Robert William Eyton was born in Leintwardine, Herefordshire on 22 Dec 1895. He was the son of Lt Colonel Philip Eyton, late of the Border Regiment and Agnes Isabella (nee Seymour) of Gwydr House Overton. He was the younger brother to John, Muriel and Phyllis.
The 1901 census records Robert and his family living in Knockin Hall, Shropshire, together with 5 servants. In 1907 Robert’s father died. Robert was away at school at the time. The family had a connection with Gwydir House, Penyllan Street, Overton. Gwydir House was owned by Sir Watkin Williams Wynn and in 1911 was the home of his land agent Godfrey Wynne Newcome. The widowed Mrs Eyton must have moved there after 1911 with her children, although by 1920 Gwydir House had been turned in to the Overton branch of the Maelor Co-operative Society shop (most recently in to the Cup‘nSaucer cafe) and Mrs Eyton had moved back to near where she was born in Hampshire.
Robert was educated at Mill Mead School in Shropshire, at Mr J.A.Lush’s School at Hillbrow, Rugby, and at Lancing College where he won a scholarship. He was a sergeant in the Officer Training Corps, achieving Certificate A, was a Librarian in 1914 and was Captain of Fives the same year. He was also Head of House in September 1914. On leaving school he was offered a place at Queens College Oxford but instead joined the Army. He was 19 when WW1 broke out. He joined the Overton Rifle Brigade. He enlisted in January 1915. He was commissioned as a 2nd Lieutenant in the 7th Battalion Rifle Brigade and embarked for France on 22nd July 1915 He transferred to the 41st Trench Mortar Battery on 23rd April 1916 and was promoted Temporary Lieutenant while attached on 10th June 1916. He was promoted to Lieutenant on 1st July 1917.
In 1917, Robert was ‘Mentioned in Despatches’ ie His name appeared in an official report written by a superior officer and sent to the high command, which reported his gallant or meritorious action in the face of the enemy
By 1918 he was promoted to Lieutenant and was attached to the 41st Trench Mortar Battery. He would have been 2nd in command of the battery at the Battle of St Quentin (on the Somme) which began on March 21st 1918. The Rifle Brigade suffered very heavy casualties, losing all their guns and with almost 6,000 men killed or injured.
At 4.40 am on the 21st March 1918 the bombardment began which marked the opening of the long awaited German spring offensive on the western front. There was dense fog supplemented with gas shells making visibility for the British defenders as low as 10 yards in places.
The 41st Trench Mortar Battery was part of the 41st Brigade which held the line to the south of St Quentin around the villages of Urvilliers and Essigny.
At 9 am the infantry attack began and contact was lost with the front line.It was not until nearly noon when a message reached 14th Division HQ that the Germans had broken through the line after years of stalemate. By 5.30 pm the 14th Division (of which the 41st was part) held a line from a mile to the north of Hinacourt to the railway cutting due west of Essigny. At 9.15 pm orders were given that the Division would withdraw accross the Crozet canal and the withdrawal took place at 11.30 am.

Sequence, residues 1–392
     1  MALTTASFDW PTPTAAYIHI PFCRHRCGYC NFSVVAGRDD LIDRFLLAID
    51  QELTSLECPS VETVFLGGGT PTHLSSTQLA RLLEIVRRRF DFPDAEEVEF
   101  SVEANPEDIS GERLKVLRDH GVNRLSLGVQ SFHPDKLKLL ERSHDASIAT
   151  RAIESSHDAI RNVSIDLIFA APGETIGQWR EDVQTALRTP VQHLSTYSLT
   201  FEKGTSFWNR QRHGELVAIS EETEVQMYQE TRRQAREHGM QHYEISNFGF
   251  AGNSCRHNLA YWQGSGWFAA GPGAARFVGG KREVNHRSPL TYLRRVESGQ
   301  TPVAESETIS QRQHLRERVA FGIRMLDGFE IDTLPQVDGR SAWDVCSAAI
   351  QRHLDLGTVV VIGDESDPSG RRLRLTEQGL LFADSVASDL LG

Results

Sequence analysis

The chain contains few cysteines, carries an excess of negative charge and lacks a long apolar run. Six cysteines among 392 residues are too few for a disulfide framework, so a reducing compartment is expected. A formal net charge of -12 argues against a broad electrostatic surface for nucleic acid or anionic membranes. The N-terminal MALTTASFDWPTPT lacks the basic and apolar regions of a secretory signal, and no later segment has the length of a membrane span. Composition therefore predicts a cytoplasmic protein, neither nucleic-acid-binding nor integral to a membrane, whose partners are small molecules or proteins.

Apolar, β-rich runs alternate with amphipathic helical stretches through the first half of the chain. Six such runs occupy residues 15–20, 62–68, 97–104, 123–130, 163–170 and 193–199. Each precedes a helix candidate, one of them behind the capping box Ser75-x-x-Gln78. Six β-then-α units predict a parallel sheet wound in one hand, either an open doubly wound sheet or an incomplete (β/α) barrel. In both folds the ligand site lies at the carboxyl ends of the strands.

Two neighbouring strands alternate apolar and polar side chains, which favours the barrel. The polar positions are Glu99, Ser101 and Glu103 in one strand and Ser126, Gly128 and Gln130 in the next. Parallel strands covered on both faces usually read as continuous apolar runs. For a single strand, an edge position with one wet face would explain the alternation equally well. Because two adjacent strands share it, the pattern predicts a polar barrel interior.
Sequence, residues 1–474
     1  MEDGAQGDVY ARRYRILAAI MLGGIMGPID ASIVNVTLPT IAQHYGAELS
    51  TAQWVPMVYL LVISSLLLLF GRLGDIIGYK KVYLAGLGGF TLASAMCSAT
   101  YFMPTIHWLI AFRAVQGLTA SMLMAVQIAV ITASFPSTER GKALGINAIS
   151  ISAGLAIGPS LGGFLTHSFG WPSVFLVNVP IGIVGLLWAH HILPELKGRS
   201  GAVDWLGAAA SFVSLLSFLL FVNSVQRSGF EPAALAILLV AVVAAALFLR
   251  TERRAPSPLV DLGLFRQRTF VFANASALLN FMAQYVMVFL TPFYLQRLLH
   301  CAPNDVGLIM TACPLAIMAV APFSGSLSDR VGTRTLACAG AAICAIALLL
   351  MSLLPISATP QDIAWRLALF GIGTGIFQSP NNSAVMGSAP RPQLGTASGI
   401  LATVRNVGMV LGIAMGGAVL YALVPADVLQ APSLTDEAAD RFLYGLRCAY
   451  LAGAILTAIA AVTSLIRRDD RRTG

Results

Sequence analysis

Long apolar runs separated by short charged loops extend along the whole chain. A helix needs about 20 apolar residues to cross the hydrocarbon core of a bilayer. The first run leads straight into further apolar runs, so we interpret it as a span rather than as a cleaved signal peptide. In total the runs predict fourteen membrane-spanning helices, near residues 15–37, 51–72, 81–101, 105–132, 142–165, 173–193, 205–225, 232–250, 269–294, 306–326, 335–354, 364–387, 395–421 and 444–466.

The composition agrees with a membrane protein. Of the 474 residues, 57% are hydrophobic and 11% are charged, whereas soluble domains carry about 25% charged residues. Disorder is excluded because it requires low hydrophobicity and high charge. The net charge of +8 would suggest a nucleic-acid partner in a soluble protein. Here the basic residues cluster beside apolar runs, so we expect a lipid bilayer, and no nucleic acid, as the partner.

By 7 am the following morning the Germans had arrived on the eastern bank of the canal and, after making a number of attempts to cross the canal during the early part of the day, they settled for firing enfilade machine gun and artillery fire on the defenders on the western bank. There was little cover for the men of 41st Brigade and casualties were so high that the Brigade almost ceased to exist but held the line throughout the day. Robert William Eyton was killed near Flavy-le-Martel during this action, 22nd March 1918, age 22 years.
There is an index card for Robert William Eyton in The Flintshire Roll of Honour at The County Record office in Hawarden. (Card Overton F 7). The address given on the card is Gwydyr House, Overton. He was a Lieutenant in the Rifle Brigade and served from from January 1915 at Ypres and on the Somme, at Arras. He was ‘Mentioned in Despatches’. He was Killed on March 22nd 1918 whilst fighting against the Great Push near Flaveg. The Card was signed by Agnes Eyton on the 16th October 1919. On the reverse of card is written
“Robert William Eyton was second in Command of a trench Mortar Battery. On March 20th he was at Brigade Head Quarters near Essigney le Grand when the enemy advanced under cover of thick mist in the early morning. He fought bravely in a railway cutting until nearly surrounded. Later collected men King’s Liverpool Rgt. And made a stand in the railway cutting between Guesy & Flaveg where he fell” . (Obviously written by Agnes Eyton)
The England and Wales National Probate Calendar (index of Wills and Administrations) includes an entry for Robert William Eyton. It says
Eyton Robert William of Gwydr House, Overton on Dee, flintshire, a lieutenant in his Majesty’s Army, died 22nd March 1918 in France. Administration St Asaph 11 January to Agnes Isabella Eyton Widow Effects £266..17sh (Agnes Isabella Eyton was of course his widowed mother. Robert wasn’t married).
There is an index card in the Record Office for Robert’s brother, John Seymour Eyton who survived the war. (Card Overton L30)
Robert is also commemorated on the memorials at Mill Meads School and Lancing College.
Thanks to the Overton Oracle for additional information for this soldier’s story.